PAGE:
Obstruction of large intestine (bowel)
Abdomen | Gastroenterology | Obstruction of large intestine (bowel) (Disease)
Obstruction of the large intestine (bowel obstruction)- Large-bowel obstruction (LBO) is an emergency condition that requires early identification and intervention. Obstruction may also be secondary to meconium ileus. In the pediatric population, Hirschsprung disease can resemble colonic obstruction. Hirschsprung disease is a developmental disorder of the enteric nervous system and is characterized by an absence of ganglion cells in the distal colon resulting in a functional obstruction. The challenges in managing this condition are distinguishing colonic obstruction from ileus, ruling out nonsurgical causes, and determining the best surgical management. Distinguishing between a true mechanical obstruction and a pseudo-obstruction is important, as the treatment differs.
Symptoms of large-bowel obstruction can include: a bloated abdomen, abdominal pain, which can be either vague and mild, or sharp and severe, depending on the cause of the obstruction, constipation at the time of obstruction, and possibly intermittent bouts of constipation for several months beforehand, if a colon tumor is the cause of the problem, a history of rectal bleeding (such as streaks of blood on the stool), diarrhea resulting from liquid stool leaking around a partial obstruction.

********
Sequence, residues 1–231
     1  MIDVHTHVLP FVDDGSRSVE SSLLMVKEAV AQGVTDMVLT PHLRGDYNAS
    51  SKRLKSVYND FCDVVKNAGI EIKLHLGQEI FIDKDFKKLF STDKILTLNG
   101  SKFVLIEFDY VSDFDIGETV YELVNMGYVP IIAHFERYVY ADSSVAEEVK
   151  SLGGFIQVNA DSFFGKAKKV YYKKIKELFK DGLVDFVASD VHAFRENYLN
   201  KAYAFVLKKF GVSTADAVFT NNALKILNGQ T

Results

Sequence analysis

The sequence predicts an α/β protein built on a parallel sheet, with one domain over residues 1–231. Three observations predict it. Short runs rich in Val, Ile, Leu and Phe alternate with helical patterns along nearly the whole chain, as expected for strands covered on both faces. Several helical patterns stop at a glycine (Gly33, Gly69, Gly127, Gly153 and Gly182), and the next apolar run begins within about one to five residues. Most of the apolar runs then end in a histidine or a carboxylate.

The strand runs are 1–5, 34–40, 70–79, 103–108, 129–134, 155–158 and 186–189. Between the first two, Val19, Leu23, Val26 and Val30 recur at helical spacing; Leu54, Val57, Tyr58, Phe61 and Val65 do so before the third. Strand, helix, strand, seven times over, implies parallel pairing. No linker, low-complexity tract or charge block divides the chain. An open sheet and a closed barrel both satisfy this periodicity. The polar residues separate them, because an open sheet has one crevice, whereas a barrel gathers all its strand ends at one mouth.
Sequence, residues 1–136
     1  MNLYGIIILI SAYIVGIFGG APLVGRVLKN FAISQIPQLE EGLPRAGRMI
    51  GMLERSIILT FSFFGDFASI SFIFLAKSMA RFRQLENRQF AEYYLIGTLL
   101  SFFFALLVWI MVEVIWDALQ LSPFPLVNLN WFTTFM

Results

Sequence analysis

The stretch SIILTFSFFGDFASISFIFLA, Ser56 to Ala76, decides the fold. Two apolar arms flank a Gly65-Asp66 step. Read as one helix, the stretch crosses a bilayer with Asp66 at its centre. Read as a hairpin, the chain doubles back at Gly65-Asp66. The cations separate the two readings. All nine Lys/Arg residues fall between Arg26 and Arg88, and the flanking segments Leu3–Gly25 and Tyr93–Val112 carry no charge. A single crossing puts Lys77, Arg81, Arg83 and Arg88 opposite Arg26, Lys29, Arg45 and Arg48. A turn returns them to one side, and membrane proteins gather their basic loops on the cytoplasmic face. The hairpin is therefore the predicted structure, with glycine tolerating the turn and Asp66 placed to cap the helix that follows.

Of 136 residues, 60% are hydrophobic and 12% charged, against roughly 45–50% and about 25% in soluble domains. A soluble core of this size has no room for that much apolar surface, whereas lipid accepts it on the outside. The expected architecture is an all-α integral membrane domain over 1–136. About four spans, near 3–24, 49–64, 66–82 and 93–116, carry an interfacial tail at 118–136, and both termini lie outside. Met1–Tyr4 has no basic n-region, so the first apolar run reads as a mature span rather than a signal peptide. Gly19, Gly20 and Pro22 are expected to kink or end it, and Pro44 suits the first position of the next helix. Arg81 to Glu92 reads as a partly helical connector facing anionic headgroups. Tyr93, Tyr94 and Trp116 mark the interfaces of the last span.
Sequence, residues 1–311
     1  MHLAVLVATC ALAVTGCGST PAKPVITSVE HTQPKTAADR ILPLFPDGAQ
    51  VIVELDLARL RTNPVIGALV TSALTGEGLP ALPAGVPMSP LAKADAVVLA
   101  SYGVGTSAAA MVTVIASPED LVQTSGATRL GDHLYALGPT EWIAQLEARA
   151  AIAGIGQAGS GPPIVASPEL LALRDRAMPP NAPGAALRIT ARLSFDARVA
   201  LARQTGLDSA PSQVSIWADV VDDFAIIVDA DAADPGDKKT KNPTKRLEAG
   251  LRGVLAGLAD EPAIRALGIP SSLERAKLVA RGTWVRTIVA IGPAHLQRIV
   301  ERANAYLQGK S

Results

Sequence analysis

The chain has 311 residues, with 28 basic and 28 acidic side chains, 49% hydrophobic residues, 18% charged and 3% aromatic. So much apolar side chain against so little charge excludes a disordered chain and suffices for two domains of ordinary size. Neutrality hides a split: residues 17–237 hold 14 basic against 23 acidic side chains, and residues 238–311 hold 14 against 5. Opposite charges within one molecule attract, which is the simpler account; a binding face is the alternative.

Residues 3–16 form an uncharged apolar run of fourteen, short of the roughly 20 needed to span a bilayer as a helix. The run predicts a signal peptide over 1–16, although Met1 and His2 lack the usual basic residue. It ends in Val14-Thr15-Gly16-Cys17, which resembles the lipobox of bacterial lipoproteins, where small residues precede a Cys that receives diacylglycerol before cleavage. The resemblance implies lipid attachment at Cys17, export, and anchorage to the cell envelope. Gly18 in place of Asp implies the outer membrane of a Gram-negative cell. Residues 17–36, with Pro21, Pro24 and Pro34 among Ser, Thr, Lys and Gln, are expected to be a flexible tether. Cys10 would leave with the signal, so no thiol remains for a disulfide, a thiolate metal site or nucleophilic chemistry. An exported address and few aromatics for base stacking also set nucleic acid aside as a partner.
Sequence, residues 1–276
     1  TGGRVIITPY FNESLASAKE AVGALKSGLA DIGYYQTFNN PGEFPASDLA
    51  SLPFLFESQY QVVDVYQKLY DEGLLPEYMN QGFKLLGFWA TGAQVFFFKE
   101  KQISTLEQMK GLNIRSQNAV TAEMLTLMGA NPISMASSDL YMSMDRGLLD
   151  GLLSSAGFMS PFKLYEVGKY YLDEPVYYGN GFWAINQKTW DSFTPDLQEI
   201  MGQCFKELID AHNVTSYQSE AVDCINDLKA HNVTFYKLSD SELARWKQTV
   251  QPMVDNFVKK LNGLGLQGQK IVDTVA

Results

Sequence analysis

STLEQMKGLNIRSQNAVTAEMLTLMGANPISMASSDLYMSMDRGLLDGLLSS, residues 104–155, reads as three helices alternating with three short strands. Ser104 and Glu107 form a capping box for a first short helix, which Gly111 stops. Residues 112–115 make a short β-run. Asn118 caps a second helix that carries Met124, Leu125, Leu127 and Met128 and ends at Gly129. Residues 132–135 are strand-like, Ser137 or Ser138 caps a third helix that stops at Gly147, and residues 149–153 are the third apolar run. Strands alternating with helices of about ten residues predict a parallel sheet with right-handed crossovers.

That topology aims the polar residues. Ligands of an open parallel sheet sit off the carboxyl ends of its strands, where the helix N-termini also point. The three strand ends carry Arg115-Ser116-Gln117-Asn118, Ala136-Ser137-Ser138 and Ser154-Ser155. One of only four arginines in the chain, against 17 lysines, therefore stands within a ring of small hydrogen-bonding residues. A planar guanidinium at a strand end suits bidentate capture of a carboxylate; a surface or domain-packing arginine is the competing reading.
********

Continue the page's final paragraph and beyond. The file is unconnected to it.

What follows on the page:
Causes and Risk factors
Causes of large bowel obstruction include: neoplasms, hernias, inflammatory bowel disease, colonic volvulus (sigmoid, caecal, transverse colon), constipation, fecal impaction, fecaloma, colon atresia, intestinal pseudoobstruction, benign strictures (diverticular disease), endometriosis.
Colonic obstruction is most common in elderly individuals, due to the higher incidence of neoplasms and other causative diseases in this population. In neonates, colonic obstruction may be caused by an imperforate anus or other anatomic abnormalities.
Diagnosis and Treatment
Treatment for intestinal obstruction depends on the cause of the condition. Treatment This may include: placing an intravenous (IV) line into a vein in the arm so that fluids can be given, putting a nasogastric (NG) tube through the nose and into the stomach to suck air and fluid out to relieve abdominal swelling, placing a thin, flexible tube (catheter) into the bladder to drain urine and collect it for testing.